What is 3d printing
Way back in time, to get a duplicate of your work was time consuming.
You had to draw the product by hand. Dimensions had to be added, along with tolerances for fitting.
The engineer had to break down the final product into size constraints to fit the machines they had access to. The machine operator had to be able to interpret the drawings. The machinist had to have a high level of skill, not only with operating the machine but in machining the different materials.
This method was time consuming, laborious and often required many iterations to get it right.
At the end of the day – there is still nothing like seeing the finished product in 3d in the hand. Being able to twist it and have the scale of your hand to gauge whether the product feels right.
The computer revolutionised the design system into a CAD (computer aided design) system. Allowing designers to produce drawings quicker and more accurately.
The computer allowed the product to be visualised on the screen. You still had to produce the product with expensive machines. Taking a lot of time to develop the final product.
Development of the 3d cad systems has allowed the designers to draw in 3d, reducing time to market, prototyping times along with cost.
Alongside the development of the cad systems, engineers were looking at the processes of making the prototypes. Machining was very time consuming, reliant upon machinists to interpret drawings. The introduction of computers to the machines allowed designers to take their drawings straight from the cad to the finished article.
CNC (computer numerical controlled) machines still used the removal of material method (subtractive). The material size had to be greater than the item produced, similar to a sculptor removing material to reveal the sculpture.
The ultimate goal was to print out their design in 3d, this was to come in the 1980’s. Machines were developed that used lasers to harden liquid plastic. This opened up the prototype process to being carried out in hours instead of days. Numerous iterations could be done within the time that one prototype was produced in the old days.
These machines were large, expensive and their consumables very expensive.
The technology has rapidly developed in the last 30 years and there are now many industrial machines. The rapid prototype market is huge and advances are still being made in regards of quality, size and price.
The process changed from using a liquid bath of plastic to using an extruder to add layers of material(additive method). Now only the limitations are the size of the machines themselves.
pros and cons – methods
So from the above there are two major ways of producing a 3d subtractive. On this site the majority of the reviews, processes are aimed at the additive method.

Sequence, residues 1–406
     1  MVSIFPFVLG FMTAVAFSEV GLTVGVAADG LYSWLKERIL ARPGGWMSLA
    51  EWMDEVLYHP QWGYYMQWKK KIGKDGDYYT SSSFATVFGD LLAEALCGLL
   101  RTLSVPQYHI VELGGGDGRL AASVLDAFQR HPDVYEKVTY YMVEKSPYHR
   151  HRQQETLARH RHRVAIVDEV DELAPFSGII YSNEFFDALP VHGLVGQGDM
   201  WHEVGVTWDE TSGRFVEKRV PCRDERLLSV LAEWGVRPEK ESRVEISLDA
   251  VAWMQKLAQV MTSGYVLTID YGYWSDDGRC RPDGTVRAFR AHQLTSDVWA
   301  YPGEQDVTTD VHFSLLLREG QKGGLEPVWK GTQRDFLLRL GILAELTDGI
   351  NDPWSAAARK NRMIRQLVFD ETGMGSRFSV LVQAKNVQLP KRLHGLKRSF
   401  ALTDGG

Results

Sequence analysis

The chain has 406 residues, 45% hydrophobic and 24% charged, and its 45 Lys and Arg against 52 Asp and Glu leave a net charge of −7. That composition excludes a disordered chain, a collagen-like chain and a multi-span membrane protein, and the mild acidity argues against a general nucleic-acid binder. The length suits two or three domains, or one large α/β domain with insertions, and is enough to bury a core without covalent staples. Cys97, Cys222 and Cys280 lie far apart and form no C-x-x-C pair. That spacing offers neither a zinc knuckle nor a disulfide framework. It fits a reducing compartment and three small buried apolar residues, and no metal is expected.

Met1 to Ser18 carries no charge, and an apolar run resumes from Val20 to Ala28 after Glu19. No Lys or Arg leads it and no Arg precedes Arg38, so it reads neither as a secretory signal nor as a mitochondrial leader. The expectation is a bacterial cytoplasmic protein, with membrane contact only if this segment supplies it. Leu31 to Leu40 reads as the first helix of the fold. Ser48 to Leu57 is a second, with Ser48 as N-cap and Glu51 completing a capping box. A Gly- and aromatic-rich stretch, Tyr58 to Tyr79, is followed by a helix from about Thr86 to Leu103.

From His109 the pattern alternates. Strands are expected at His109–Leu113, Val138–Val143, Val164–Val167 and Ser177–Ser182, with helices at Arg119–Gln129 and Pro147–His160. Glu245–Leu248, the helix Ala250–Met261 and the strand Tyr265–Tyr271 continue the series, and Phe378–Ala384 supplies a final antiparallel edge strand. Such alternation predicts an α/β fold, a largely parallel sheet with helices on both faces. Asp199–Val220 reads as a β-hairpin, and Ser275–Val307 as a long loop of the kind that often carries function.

There are pros and cons to both methods and some are listed below.
|clean – all the material is added||very messy – all of the removed material must be cleaned up|
|material added – very low waste||maximum material – needs to cover the whole model – very high waste|
|impossible forms can be produced – parts printed inside others||forms limited to what can be machined – only machined from the outside|
|steps in model – mode lbuilt up in layers||smooth finish -dependent on machine, cutters remove material in small amounts|
|limited materials – only those that can be extruded||almost no limit|
|support for overhangs – due to the material being flowed, unsupported structures can sag||no supporting structure required|
From the above list you can see that there are many pros and cons to both processes.
The main one which has opened up the home 3d printing market is the simplicity of the reprap (replicating rapid prototyper), a printer capable of producing parts of itself.
3d printing materials
Materials that can be used with the home printers are increasing rapidly. They are based on thermoplastics. The main ones are pla and abs with pva being used as support material.
Most of the current printers are fitted with a single extruder, meaning models are produced in a single colour. Technology advances are working on the implementation of full colour printing.
There are two extruder models, and these are used typically to add the support material for overhangs, rather than two colour printing.
The other main disadvantage at present is the layering process of the printing, the finished model appears stepped. There are methods available as another process to smooth some materials, but this adds another process to the printing.
The extruded process used by most of the home 3d printers is known as FDM (fused deposition modelling). Material is extruded layer by layer and due to the temperature of the extruded material it fuses to the layer it is placed on.
The step of the layer is controlled by stepper motors, the number of steps – or microsteps- controlling the height of the layers. Along with the extruder nozzle.
The other main problem with the home 3d printers is the time to produce the item.
Printing times can be up to 24 hours and more, this normally is carried out in one process, otherwise there may be registration problems and the model will have a major step in it. Producing a 3d printed object at the speed of printing a very high quality 2d picture is still a way off yet – but it is coming…
Thanks for reading